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Emotion, Skype and Customer Service

Sterling is an Acquisition Freak and writes a blog called AllThingsSterling.

I was reading a few articles on customer service this morning and something came to me.

When we’re removed from our customers say through email or Twitter, it’s easy to dismiss them. This is because emotion and urgency don’t always translate through writing. Emotions and urgency are powerful motivators. Without them, somethings just take longer. It’s the way we’re hardwired.

So let’s find a way to manipulate our hardwiring.

Sure, phone calls are a step in the right direction. Then it hit me: Skype and other video calling tools can make a big impact.

We’ve all heard most communication is through body language. That means most communication is missing without a visual aspect.

Does anyone use Skype in customer service at their agency or company?

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Andrew Krzmarzick

Hey Sterling – Love the capability of Skype and wonder why we don’t use it more for work-related functions. I’ve recommended using it for job interviews to mitigate the cost of travel and distance (and finally have an example of someone doing this.)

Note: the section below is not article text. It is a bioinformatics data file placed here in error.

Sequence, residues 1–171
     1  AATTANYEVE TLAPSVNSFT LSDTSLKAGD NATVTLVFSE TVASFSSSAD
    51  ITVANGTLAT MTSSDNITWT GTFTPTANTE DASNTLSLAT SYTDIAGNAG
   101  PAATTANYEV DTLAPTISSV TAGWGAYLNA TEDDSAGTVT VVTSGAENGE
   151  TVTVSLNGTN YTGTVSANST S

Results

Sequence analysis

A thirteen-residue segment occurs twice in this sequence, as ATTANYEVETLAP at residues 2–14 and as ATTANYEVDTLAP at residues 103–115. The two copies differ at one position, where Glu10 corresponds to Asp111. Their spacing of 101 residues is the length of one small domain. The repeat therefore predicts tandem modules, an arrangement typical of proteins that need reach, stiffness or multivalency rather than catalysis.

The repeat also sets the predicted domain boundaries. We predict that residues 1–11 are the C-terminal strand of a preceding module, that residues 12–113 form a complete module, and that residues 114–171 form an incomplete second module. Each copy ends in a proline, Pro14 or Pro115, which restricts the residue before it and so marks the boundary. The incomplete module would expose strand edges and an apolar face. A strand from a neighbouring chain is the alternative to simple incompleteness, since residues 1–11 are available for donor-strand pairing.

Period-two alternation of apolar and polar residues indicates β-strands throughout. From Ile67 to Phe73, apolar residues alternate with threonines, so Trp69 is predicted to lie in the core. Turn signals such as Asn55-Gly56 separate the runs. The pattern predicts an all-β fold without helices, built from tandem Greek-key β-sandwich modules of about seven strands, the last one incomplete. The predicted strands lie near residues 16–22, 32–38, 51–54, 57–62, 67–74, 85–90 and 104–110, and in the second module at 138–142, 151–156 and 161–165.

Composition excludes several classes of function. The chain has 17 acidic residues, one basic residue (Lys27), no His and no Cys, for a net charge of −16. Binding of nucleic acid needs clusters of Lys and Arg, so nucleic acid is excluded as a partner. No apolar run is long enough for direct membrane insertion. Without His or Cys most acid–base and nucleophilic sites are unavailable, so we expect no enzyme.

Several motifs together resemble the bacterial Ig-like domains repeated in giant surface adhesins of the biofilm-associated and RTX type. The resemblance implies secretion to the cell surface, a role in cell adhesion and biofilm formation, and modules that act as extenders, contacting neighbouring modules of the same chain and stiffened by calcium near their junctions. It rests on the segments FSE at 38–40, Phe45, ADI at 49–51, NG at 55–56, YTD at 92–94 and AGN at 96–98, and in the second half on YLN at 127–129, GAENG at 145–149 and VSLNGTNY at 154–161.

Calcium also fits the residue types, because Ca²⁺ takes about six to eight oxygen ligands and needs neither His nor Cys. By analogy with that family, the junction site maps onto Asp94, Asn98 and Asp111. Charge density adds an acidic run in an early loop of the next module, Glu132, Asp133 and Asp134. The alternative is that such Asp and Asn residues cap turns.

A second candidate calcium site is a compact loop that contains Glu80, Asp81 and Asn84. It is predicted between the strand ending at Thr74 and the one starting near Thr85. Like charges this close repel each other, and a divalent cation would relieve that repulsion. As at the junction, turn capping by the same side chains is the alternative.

I’m also wondering if any organization (even beyond government) is using video-based chat for customer service…

Just shared a link to your post with the Citizen Engagement and Customer Service group, too.

Stephen Peteritas

Sterling, I think you are right on the money here. Seeing someone face to face creates the most empathy possible. I think people would get a lot better response to their complaints or concerns if the person on the other end knew they had to look them in the eye.

Wayne Moses Burke

I’d just like to say that while I agree this is a great idea for motivating customer service people, I think it’s an awful idea as a customer. Think about it – if you had a problem with AT&T or the DMV, do you really want to SEE the person on the other end?

I personally get a lot of work done while I’m hanging out waiting for them to figure out what’s going on – if they could see what I was doing, I would feel obligated to pay attention to them visually as well as through listening. They already try to keep the conversation going by asking about the weather and how my day is and what I’m doing for the weekend.

Now, I’m a pretty personable person generally but I’m not calling a customer service line to make a friend, and the likelihood is that I’ll never speak to that person again anyway. I’m happy to be polite, but I really just want my problem solved (as Steve just related on the Citizen Engagement and Customer Service group – July 23rd comment).

What do you think?